Table 5
Summary of Mean Attitude Toward Learning French and French Speaking People (AFRENCHMC) from a 2 (time; pretest/posttest) x 2 (condition; French group/Art group) ANOVA


                               Mean                 (SE)                    F 

Pretest                     23.96                (1.01)                 .18

Posttest                   24.38                (1.03) 



Art                          23.50                (1.25)                 .57

French                    24.83                (1.25)



                              French                     Art

Pretest               23.92   (1.43)         24.00   (1.43)        2.06 

Posttest              25.75   (1.44)         23.00   (1.44) 
 

     Finally, an ANOVA was conducted on the dependent variable of AARTMC.  A significant effect was found for Time, F (1, 22) = 7.14, p < .05.  Means here indicate that children showed more positive attitudes toward Art on the posttest (See Table 6).  No significant effect was found for Condition, F (1, 22) = 4.20, p > .05, and no significant effect was found for the interaction of Time and Condition, F (1, 22) = 2.33, p > .05.  However, the means for this interaction clarify the main effect for time, because children in the Art group showed higher posttest scores on attitudes toward art compared to the pretest, but, the scores of the French group stayed relatively the same.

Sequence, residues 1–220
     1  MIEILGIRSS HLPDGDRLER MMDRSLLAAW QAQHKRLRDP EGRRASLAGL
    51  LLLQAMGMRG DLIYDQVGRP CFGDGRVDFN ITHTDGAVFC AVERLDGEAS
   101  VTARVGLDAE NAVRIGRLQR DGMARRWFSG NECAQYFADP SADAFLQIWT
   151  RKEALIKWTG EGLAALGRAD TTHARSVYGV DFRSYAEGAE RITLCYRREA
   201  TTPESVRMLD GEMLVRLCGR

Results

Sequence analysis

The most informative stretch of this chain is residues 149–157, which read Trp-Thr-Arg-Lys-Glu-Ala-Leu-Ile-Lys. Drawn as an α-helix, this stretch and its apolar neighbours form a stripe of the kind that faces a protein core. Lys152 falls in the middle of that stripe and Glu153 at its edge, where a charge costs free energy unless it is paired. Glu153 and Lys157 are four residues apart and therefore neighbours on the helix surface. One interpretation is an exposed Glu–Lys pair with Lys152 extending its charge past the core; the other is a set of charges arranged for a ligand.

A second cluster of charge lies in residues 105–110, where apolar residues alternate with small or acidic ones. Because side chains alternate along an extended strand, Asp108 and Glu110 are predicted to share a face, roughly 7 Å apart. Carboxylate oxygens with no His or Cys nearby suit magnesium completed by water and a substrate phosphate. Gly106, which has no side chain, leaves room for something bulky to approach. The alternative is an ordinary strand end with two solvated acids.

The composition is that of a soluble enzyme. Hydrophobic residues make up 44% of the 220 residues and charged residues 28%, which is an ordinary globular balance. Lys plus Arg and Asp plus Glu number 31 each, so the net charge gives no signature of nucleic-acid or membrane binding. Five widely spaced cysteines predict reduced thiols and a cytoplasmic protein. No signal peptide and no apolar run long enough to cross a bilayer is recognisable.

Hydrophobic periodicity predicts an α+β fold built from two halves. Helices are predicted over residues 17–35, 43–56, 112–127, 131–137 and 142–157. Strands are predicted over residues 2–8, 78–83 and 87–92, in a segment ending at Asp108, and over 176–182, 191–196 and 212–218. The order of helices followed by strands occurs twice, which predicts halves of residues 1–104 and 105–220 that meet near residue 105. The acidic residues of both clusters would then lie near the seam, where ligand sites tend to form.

Table 6
Summary of Mean Attitude Toward Art (AARTMC) from a 2 (time; pretest/posttest) x 2 (condition; French group/Art group) ANOVA


                             Mean               (SE)                       F

Pretest                  4.58                  (.23)                     7.14*

Posttest                5.17                  (.16)



Art                       5.21                  (.23)                     4.20 

French                 4.54                  (.23)



                            French                        Art

Pretest                4.42   (.32)             4.75   (.32)          2.33 

Posttest              4.67   (.23)             5.67   (.23) 

* p < .05